3) Tightly wrap the wool over each length of pipe cleaner; keep the wool flat and wind around, carefully overlapping the previously wrapped fibres all the way along. You can start at the end but I prefer to go from the middle and work to each end.

20-Needle felted feet (15)

The tighter and smoother you wrap the less felting will be needed later on to fix it in place.

22-Needle felted feet (17)

4) On reaching the ends tightly fold the fibres over the end, hold a finger over the end to keep in place whilst overlapping the work you have done very tightly for a few wraps back the other way towards the middle until you reach the end of your wool. Pull off any excess wool if you find you have too much (you don’t want to make the toes too thick).

23-Needle felted feet (18)

5) Using your barbed needle, stab the fibres in place along the length of the structure and especially at the ends to secure them and prevent them from fraying, taking care not to break your needle by hitting the wire as you go.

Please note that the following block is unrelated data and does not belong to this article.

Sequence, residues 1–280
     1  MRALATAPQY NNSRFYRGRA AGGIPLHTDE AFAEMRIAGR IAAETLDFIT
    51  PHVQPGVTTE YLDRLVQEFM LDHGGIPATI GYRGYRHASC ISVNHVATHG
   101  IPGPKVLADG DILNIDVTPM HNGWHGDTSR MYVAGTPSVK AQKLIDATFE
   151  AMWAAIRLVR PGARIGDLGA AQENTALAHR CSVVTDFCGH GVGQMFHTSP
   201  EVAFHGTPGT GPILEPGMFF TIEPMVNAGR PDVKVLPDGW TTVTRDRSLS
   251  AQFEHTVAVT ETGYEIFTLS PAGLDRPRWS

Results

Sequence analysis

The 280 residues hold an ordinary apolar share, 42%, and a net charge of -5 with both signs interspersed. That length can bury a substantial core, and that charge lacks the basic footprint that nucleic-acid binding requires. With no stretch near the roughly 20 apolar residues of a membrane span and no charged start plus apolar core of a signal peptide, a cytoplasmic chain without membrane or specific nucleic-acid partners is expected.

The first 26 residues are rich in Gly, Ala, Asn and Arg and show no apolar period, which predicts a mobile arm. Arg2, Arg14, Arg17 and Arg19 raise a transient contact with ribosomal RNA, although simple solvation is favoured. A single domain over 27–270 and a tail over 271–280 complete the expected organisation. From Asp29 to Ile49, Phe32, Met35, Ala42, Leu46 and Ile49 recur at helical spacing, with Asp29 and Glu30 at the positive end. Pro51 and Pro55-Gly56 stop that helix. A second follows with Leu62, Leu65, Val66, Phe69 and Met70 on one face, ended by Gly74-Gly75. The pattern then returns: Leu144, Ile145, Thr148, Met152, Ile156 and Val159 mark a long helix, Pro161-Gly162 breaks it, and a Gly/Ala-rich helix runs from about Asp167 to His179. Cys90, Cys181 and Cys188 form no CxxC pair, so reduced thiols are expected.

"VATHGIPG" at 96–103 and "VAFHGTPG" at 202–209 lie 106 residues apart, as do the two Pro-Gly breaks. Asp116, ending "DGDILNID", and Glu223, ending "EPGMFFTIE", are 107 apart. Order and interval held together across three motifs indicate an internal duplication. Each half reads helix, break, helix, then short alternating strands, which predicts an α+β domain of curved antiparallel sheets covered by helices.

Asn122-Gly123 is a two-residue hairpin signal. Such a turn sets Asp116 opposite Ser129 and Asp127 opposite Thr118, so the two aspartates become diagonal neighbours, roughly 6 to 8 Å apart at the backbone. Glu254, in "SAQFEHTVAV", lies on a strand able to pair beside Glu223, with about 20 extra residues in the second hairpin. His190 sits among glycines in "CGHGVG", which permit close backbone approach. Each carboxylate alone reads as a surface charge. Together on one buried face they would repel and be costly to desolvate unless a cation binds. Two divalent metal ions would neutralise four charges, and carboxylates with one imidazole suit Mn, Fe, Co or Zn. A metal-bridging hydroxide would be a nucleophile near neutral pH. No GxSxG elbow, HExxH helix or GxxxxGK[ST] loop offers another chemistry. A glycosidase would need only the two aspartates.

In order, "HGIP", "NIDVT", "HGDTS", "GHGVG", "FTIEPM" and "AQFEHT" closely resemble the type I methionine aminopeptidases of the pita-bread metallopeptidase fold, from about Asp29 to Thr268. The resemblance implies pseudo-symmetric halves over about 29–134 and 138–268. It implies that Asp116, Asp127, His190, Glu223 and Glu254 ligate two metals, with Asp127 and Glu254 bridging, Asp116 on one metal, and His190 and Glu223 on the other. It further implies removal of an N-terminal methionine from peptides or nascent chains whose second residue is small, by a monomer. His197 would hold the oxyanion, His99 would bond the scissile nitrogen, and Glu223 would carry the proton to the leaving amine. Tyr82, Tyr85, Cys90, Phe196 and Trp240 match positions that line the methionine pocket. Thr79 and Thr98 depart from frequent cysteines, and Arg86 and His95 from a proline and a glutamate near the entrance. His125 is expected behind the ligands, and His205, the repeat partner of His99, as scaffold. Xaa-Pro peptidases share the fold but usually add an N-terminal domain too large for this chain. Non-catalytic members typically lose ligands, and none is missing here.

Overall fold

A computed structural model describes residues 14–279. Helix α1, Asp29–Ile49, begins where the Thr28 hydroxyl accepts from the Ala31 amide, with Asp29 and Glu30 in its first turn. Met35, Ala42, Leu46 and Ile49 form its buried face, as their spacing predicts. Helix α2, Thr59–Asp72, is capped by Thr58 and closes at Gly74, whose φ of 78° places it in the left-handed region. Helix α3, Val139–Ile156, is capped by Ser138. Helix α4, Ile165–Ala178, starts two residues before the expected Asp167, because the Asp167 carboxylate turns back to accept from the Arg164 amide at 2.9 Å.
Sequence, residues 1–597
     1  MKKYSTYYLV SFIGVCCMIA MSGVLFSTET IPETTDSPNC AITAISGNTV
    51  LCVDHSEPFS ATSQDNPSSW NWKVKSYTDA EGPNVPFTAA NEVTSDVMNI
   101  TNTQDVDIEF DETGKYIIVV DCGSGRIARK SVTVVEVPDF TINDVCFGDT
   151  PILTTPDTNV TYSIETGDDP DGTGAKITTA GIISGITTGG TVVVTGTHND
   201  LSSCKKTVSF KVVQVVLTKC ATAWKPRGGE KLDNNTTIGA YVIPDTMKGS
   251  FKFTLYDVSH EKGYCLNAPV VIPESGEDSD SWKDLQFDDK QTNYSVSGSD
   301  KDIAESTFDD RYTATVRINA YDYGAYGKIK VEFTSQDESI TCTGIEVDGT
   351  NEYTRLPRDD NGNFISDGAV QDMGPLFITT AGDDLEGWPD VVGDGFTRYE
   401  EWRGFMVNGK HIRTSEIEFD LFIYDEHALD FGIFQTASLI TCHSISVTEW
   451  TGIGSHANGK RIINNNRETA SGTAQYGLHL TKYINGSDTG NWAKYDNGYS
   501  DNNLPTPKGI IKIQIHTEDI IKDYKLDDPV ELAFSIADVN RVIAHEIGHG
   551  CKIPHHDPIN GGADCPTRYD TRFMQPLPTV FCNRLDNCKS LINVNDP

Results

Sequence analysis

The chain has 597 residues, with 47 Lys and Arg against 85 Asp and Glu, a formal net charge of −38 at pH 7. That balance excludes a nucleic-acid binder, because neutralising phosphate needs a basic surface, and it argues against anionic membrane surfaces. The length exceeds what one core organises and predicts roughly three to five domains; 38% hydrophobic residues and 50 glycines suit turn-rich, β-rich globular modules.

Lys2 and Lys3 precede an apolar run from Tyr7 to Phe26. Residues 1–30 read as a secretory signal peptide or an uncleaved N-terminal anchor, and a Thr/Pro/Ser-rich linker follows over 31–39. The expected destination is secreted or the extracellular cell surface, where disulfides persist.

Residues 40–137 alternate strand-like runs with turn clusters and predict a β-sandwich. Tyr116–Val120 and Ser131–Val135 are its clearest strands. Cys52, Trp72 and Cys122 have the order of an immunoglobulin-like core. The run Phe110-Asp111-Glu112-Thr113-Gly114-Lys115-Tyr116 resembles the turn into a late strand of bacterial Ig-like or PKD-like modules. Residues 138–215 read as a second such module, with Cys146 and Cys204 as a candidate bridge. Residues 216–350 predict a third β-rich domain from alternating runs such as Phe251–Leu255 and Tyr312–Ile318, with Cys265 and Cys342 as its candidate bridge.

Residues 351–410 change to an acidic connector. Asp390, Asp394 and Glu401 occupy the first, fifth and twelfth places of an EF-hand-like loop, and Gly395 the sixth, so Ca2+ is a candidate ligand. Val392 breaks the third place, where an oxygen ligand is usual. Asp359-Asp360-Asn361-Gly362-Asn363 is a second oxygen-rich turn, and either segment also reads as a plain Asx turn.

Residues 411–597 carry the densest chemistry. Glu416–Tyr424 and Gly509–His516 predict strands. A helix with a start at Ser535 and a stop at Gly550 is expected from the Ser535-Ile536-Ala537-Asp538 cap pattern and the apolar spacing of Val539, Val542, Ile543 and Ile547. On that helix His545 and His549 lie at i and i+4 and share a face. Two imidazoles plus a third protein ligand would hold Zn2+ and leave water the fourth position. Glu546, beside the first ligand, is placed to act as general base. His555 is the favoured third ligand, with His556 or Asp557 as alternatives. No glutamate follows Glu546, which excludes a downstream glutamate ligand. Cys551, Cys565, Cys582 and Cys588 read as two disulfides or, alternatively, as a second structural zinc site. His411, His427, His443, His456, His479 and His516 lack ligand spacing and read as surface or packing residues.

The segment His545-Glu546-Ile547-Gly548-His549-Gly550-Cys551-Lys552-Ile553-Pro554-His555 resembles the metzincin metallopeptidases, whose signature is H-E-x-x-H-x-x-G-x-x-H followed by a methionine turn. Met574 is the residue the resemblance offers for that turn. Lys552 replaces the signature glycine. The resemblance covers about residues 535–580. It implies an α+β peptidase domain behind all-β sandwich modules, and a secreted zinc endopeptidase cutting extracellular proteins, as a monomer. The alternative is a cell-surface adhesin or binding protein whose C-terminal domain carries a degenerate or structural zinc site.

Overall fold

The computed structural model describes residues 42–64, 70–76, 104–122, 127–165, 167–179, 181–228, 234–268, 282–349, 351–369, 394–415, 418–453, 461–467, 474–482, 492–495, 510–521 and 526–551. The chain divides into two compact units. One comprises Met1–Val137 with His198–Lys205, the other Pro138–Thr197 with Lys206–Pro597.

27-Needle felted feet (22) 24-Needle felted feet (19) 25-Needle felted feet (20)

26-Needle felted feet (21)

6) Bend the pieces in half and then overlay, squeeze and slightly twist the bases of the two toe pairs together, the two longer pieces will become the two centre toes.

28-Needle felted feet (23) 29-Needle felted feet (24)

7) Wrap some thicker wool over the twisted section to form the rest of the foot. Spread out the toes into the position you wish them to be in.

30-Needle felted feet (25) 31-Needle felted feet (26)

8) Add more wool and felt onto the foot on both sides to shape the foot, and ensure you fill in between the toes and make the ‘knuckle area’ thicker. See how your tiny toes are becoming reality ? 🙂

32-Needle felted feet (27) 33-Needle felted feet (28)

9) Build up layers of wool. Your cute little feet are beginning to really take shape!